AstraZeneca’s missteps and murky data sewed worldwide confusion that undermined trust – but don’t rule the shot out yet

SourceBusiness Insider
CountryMiddle east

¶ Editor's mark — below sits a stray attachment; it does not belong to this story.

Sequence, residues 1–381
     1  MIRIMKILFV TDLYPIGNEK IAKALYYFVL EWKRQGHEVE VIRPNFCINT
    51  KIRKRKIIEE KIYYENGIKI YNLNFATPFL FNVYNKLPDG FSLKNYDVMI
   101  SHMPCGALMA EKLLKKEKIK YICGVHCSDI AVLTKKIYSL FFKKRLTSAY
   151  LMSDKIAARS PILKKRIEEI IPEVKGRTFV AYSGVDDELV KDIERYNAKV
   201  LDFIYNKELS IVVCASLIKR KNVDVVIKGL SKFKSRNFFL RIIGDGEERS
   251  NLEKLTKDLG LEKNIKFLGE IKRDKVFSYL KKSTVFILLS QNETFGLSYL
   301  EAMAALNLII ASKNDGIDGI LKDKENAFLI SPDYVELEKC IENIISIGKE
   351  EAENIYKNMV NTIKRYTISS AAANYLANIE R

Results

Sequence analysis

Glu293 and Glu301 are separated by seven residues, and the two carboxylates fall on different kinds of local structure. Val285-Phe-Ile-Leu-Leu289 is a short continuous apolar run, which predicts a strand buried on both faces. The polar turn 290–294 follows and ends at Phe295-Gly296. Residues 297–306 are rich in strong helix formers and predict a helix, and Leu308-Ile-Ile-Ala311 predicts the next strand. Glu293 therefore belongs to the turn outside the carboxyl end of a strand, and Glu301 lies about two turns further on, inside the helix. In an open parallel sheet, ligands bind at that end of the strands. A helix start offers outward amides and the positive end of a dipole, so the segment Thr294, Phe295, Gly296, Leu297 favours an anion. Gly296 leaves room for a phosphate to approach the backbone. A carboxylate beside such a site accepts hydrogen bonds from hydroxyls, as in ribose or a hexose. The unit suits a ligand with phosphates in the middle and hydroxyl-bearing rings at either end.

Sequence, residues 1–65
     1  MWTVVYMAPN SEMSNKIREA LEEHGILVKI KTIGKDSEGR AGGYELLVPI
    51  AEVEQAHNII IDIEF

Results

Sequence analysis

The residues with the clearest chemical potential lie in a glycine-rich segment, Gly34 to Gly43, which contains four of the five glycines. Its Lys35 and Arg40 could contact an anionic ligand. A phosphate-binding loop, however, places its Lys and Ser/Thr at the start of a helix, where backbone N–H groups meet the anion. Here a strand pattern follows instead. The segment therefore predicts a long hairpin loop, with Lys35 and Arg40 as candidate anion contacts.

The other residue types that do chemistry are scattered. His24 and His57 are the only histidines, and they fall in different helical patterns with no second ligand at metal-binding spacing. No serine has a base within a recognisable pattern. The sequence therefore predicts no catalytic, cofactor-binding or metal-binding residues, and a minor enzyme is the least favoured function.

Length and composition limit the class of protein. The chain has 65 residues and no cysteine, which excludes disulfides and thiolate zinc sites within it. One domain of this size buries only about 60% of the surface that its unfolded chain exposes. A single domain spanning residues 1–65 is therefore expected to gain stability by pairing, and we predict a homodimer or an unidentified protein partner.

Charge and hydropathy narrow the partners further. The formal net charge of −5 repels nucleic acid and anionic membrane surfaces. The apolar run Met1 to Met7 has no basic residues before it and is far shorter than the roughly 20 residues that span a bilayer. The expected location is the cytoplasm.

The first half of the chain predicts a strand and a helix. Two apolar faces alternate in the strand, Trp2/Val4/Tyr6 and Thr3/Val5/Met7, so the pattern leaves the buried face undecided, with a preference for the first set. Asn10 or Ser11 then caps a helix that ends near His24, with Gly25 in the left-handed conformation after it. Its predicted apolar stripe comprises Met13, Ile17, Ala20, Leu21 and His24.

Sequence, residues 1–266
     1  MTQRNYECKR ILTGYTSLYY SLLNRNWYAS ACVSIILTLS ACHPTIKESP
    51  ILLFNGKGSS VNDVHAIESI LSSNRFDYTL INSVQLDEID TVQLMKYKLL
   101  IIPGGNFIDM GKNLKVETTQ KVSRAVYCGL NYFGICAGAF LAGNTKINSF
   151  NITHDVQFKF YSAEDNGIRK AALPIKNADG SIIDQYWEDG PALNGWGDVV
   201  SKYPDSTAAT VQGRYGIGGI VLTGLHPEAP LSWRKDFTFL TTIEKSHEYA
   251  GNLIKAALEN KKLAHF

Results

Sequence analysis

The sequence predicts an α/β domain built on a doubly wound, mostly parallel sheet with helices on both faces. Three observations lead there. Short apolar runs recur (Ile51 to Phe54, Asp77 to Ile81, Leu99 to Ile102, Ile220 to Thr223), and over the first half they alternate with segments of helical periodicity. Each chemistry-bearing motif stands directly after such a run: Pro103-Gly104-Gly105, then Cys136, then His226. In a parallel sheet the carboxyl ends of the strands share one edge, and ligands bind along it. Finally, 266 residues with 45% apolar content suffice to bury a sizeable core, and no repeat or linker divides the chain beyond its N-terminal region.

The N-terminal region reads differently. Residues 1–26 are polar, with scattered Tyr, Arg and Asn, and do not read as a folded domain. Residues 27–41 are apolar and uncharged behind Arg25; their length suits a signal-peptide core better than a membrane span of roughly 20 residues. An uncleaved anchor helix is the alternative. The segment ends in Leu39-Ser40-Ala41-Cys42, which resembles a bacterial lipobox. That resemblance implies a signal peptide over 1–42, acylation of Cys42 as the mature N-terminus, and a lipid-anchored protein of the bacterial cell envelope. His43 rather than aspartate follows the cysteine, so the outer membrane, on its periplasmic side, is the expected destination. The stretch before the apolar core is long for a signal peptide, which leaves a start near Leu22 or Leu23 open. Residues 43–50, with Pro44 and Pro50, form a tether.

How effective is AstraZeneca's coronavirus vaccine? We still don't have a clear, consistent answer. Since the fall, a string of studies — some peer-reviewed, others not — have suggested the vaccine could be anywhere from 22% to 90% effective, depending on the parameters.  AstraZeneca's own trial results, released in November, were "awfully confusing for experts and non-experts alike," Natalie Dean, a biostatistician at the University of Florida, tweeted at the time. She gave the company "a poor grade for transparency and rigor." That's because the company combined data from its Brazil and UK trial groups, even though they had different sample sizes and demographics. AstraZeneca also averaged the results of two different dosing regimens, one of which was administered by mistake. Subsequent analyses, meanwhile, have revealed that only 12% of participants in AstraZeneca's late-stage trial were over 55, and that the vaccine's effectiveness varies dramatically depending on the time between the two doses. The company's own vaccine label says shots should be administered more...